At any point before or during the marriage, spouses may enter into a signed, written agreement regarding whether certain assets or debts are to be categorized as community or separate and how property would be divided in the event of a divorce.

These agreements usually overcome how a judge may customarily divide property if no agreement was in place.

An agreement that is entered into prior to the marriage is called a “Prenuptial” or “Premarital” agreement. A Premarital agreement takes effect on the date the parties are married and is usually designed to limit the accumulation of community assets and debts.

An agreement entered into during the marriage is a Marital Property Agreement and is sometimes known as a “Partition” or “Postnuptial” agreement. Very similar to a Premarital agreement,  the parties to a Marital Property Agreement often agree to convert community property into the separate property of the parties, thereby “partitioning” the community property between the spouses.

Only if a divorce were to occur would these agreements come in to play.

Negative Stigma
Premarital agreements are rare for the majority of the population, primarily because they carry the stigma of divorce. A couple in love simply do not want to entertain such a horrible result.

We want every married couple to succeed. Unfortunately, the statistics are simply too high not to at least explore the purpose behind these types of agreements.

Emotional Commitment Versus Legal Entity
Couples should keep in mind that their love and commitment to each other is not determined by the status of the government-ruled legal entity created upon marriage. A marriage is a legal entity theoretically similar to creating a business entity. There are legal aspects that should be treated as such.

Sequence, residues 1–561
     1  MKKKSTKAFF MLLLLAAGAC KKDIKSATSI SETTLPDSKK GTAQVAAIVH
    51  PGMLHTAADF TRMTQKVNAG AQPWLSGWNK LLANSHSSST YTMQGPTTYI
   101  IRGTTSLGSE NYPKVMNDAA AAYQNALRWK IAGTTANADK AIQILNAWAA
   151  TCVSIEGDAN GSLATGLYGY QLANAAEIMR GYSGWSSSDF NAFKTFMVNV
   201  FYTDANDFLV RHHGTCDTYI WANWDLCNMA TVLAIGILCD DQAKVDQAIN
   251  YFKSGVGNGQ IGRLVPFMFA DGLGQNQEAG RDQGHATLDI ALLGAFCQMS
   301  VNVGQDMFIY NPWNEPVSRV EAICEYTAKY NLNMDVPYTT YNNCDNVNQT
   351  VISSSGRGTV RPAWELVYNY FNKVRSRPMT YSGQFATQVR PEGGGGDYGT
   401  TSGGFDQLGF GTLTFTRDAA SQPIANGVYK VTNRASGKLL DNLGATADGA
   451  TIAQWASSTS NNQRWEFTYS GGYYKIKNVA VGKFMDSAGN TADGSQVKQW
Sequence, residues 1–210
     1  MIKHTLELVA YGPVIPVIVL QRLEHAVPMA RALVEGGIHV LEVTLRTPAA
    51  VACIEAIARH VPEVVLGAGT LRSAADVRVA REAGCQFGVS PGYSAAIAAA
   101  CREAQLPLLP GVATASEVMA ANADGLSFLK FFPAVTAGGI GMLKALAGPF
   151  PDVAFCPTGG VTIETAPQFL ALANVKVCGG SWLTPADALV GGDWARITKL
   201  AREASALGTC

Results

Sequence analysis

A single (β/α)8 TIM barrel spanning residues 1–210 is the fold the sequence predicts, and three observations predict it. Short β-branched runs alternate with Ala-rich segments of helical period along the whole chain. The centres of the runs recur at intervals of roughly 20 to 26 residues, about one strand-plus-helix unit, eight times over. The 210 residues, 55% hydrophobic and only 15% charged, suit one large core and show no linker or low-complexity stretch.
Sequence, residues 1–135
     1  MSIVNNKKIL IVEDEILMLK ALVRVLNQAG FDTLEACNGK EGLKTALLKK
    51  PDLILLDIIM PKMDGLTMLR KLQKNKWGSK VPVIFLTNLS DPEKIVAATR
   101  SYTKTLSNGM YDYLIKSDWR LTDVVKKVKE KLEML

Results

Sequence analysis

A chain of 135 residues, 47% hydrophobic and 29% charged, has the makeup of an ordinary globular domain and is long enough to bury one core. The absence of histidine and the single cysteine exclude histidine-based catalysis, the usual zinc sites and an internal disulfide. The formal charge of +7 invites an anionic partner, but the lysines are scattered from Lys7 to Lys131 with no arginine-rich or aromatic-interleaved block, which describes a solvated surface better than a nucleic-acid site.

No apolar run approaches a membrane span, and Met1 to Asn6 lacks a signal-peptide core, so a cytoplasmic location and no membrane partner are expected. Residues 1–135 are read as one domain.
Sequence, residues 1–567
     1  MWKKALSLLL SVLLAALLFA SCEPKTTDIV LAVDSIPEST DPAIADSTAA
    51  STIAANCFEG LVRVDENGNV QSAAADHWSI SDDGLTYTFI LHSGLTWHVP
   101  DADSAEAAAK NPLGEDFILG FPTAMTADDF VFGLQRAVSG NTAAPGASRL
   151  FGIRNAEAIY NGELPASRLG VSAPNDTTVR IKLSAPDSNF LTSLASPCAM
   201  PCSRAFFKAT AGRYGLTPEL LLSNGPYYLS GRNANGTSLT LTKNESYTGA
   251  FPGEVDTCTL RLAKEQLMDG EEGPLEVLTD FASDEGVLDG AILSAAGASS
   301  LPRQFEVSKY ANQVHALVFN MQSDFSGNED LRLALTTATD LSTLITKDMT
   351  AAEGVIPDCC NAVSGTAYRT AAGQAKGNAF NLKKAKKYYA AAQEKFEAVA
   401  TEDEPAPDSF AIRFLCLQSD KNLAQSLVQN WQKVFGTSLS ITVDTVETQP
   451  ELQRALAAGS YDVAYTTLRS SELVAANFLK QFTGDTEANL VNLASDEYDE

In other words, a couple who enter into a property agreement are not necessarily believing a divorce is in their future. Rather, the couple is controlling how the law will treat their property if the other spouse decides to dissolve the legal entity in the future.

Similar to insurance policies, we hope that we never need them. But prudent people know that a car accident–even one that is not their fault–is enough of a possibility to warrant a tool that can help make the event a little less traumatic.

Divorce is often one of life’s more traumatic events. For a divorce to happen, at least one of the spouses must choose it to happen. And the law does not force anyone to remain married. Therefore, each spouse must realize that, just like each originally chose to get married, that same free-will can be used to decided to get un-married. Pre-determining what is to happen is often better than fighting about these things in the middle of the trauma.

Bottom Line

Even if you own nothing now, a property agreement can still be very helpful should the unthinkable happen. Attorney Vince Handler will help you evaluate the best course of action for you. Contact us today.

More Topics

Community versus Separate Property